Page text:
Kitchen & Pantry

Orange sauce Orange sauce

A few days ago, I was reading an article about the ten most ordered take-out Chinese food in the US. One of the ten is “orange beef.” I’ve never heard of it, there is a Chinese “tangerine beef” but not orange beef, and I surmised that orange beef must be one of those dishes invented by a Chinese cook in America — much like the “orange chicken” that has made an appearance in local Chinese fast food outlets in the Philippines lately. You know, more of Chinese-style or Chinese-inspired rather than authentic Chinese.

Curious as to whether orange beef is just the beef version of orange chicken, I searched the web. I was half-hoping that there would be a recipe by a Chinese in America but the results yielded recipes in American websites written mostly by Americans. Not surprisingly, in many of the recipes, the “orange” component of the dish consisted of orange marmalade.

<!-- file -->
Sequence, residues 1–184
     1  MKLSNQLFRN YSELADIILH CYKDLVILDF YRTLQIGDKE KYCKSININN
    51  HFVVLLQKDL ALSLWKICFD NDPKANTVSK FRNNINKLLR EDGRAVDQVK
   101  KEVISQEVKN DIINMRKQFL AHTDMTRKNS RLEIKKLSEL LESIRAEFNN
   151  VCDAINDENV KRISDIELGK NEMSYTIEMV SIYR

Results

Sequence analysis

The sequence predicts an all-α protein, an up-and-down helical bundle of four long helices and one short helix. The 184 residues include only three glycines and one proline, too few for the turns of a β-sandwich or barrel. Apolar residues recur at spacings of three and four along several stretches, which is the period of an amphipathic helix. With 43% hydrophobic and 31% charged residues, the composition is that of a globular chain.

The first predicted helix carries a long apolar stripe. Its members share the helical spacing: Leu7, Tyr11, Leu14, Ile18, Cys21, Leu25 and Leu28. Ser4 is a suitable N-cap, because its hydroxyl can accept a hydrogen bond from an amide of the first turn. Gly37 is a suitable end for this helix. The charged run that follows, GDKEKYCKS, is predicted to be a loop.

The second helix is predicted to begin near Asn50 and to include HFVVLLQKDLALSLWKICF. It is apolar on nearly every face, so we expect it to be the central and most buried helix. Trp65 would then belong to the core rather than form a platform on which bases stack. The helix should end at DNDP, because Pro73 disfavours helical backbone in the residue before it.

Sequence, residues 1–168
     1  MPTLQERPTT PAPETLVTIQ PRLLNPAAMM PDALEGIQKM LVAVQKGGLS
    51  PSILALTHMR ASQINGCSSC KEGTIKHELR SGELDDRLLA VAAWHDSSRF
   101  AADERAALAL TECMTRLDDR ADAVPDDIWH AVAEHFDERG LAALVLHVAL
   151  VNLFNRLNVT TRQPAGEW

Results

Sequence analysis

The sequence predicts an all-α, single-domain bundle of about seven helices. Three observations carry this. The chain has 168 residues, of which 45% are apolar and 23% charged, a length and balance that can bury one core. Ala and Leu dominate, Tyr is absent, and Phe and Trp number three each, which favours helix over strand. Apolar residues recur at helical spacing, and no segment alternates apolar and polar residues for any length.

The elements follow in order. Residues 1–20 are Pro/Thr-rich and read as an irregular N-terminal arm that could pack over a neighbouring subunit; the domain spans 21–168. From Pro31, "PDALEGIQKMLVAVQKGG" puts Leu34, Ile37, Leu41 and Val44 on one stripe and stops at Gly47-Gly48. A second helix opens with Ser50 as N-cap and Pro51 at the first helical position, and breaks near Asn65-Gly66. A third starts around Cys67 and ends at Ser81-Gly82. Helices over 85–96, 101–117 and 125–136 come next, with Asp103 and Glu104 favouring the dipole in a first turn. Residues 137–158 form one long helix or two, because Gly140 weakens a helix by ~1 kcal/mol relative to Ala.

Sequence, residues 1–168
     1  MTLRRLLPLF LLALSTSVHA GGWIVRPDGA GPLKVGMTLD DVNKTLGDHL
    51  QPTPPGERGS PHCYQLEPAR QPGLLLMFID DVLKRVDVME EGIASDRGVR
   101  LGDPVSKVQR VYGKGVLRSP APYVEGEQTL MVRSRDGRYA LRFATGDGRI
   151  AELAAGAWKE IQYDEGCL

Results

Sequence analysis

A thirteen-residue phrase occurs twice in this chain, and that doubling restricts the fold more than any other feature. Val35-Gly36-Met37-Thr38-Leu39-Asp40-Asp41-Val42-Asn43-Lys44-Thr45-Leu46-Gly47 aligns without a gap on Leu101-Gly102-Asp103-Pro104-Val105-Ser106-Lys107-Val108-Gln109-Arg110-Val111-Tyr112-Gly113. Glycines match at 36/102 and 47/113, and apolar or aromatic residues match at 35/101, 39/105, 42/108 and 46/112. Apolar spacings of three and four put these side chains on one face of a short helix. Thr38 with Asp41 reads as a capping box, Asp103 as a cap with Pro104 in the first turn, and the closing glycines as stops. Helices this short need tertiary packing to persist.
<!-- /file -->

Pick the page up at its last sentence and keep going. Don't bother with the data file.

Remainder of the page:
Interesting, I thought. But just how much marmalade can one add to meat without making the dish too sweet? When we went grocery shopping a day after I read the article, I decided I’d try making orange beef. On the way to the jam and jellies section, I passed by the Asian section and saw this bottle of orange sauce. It’s an item I had never seen on grocery shelves before and, for a moment, I debated whether to try it or get a jar of orange marmalade instead. Obviously, I picked the orange sauce over the marmalade.

So, what is orange sauce like? It’s not as sweet as orange marmalade, definitely. It has more pulp than rind, it is a bit spicy because there is garlic among the ingredients and it is thickened by starch rather than sugar.

I mixed the orange sauce with soy sauce, Sriracha and grated garlic, and used the mixture to flavor by beef. The sauce was good but my beef slices were too thin and the resulting texture of the dish wasn’t too good. Next time, I’ll use beef strips and try again using the same mixture.

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